Staff voice concerns, suggestions about compensation

By D. Lyn Hunter, Public Affairs

07 February 2001 | More than 100 staff converged at Alumni House last week to hear a progress report from the Compensation Advisory Committee and to provide input on the group's mammoth task of designing a new salary and classification system for the campus.

"The purpose of this meeting is to get your feedback," said Calvin Moore, committee co-chairman. "We want to hear your thoughts, complaints and helpful criticism."

Moore, a professor who heads the mathematics department, and committee co-chair Martha Fateman, director of Central Computing Services, began the meeting by outlining guiding principles the committee has developed to steer their work.

The six principles, in summary form, are:

  • providing employees compensation that is competitive with the market;
  • basing classifications, promotions and compensation on responsibilities, skills and effort that employees bring to the job;
  • broadening salary ranges and avoiding fine-grained distinctions in job classifications;
  • improving retention and career development efforts;
  • shifting authority for determining classification, promotion and compensation as near to the operating unit level as possible;
    making the classification, promotion and compensation process equitable and transparent.
  • Staff had questions related to all of the principles. One participant questioned the market comparisons the committee is using and asked whether the committee is taking into account the Bay Area's cost of living. Another staffer suggested that benefits and pensions, in addition to salaries, be considered when looking at compensation packages.

Several questions centered on unions and how the restructuring might work for staff covered by contracts. Other staff said any restructuring must address pay inequities between long-time employees and new staff brought in at higher salaries.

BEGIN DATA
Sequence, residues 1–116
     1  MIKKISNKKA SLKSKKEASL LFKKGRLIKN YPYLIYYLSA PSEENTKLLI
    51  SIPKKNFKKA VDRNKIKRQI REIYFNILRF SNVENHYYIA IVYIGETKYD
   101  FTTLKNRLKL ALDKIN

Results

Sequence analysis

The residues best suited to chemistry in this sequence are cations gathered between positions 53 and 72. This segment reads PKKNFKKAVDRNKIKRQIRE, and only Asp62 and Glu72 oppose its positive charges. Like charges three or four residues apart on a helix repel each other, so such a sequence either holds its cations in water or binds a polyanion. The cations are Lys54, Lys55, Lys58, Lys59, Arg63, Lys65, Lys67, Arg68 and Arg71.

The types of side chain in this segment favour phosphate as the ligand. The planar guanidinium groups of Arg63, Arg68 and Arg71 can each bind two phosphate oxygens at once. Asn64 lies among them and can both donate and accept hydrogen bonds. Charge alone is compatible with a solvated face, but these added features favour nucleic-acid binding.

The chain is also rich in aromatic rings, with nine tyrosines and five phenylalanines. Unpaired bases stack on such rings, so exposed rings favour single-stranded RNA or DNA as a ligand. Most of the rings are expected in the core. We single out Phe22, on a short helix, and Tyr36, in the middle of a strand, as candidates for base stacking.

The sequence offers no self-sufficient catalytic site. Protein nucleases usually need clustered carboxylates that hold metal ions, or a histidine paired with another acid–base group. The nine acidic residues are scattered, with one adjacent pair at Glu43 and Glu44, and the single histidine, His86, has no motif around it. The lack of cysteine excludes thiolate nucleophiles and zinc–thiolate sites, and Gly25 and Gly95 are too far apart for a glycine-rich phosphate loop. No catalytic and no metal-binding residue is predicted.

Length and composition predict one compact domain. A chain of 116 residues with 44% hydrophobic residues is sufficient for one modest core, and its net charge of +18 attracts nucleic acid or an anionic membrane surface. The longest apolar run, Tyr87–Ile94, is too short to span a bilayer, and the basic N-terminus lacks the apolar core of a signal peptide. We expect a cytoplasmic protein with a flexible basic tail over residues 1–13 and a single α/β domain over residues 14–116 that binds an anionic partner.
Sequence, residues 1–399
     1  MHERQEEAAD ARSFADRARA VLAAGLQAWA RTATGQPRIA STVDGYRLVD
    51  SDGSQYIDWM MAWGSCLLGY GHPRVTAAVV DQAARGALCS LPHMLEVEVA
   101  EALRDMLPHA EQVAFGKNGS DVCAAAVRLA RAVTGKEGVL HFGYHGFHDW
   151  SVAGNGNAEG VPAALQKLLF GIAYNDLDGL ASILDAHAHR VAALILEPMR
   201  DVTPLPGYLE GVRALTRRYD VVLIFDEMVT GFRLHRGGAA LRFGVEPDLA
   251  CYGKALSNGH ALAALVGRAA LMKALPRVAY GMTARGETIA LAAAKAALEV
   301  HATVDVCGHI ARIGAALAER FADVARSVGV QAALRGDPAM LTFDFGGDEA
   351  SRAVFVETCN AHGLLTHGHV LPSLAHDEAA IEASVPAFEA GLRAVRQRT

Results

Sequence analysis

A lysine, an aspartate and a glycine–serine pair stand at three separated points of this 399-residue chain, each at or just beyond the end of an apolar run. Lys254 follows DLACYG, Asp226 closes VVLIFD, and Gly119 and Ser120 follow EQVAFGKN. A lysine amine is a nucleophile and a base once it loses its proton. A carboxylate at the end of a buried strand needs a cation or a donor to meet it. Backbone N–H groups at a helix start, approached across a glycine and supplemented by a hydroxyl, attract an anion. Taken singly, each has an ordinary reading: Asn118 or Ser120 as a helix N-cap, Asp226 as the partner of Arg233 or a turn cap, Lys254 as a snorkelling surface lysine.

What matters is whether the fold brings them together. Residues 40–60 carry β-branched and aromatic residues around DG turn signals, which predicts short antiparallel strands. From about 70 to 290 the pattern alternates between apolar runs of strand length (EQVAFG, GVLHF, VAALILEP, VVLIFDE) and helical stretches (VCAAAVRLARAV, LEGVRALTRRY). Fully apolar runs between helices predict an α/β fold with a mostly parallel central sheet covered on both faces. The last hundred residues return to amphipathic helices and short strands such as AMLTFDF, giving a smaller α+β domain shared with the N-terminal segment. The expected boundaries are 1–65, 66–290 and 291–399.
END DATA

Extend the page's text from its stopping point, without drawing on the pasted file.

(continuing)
Several comments focused on cost of living increases, with one woman saying she has $8,500 less purchasing power than 10 years ago because her university wages haven't kept up with inflation. One audience member wondered how the campus will achieve market pay rates, given the 25 percent cap on salaries at the university. Moore clarified that annual salary increases greater than 25 percent require the chancellor's approval.

Committee members took notes of all comments aired and will consider them when drafting recommendations to the chancellor.

One more public forum - noon-1:15 p.m., Feb. 23, at Alumni House - will give staff an opportunity to share thoughts on compensation issues. An e-mail account - - also has been established.

Chancellor Berdahl has asked the committee to submit its recommendations at the end of the academic year.

"The key to fixing most of our problems is more money," said Moore. "Using our report, we hope the chancellor can persuade the regents and the state legislature to provide the funds needed to improve compensation for staff employees."

In addition to requesting more money, Moore said, the committee will work on issues that don't require additional funding, such as streamlining the campus's current classification and compensation process.

Visit for information about the committee and staff input at its December public forum.


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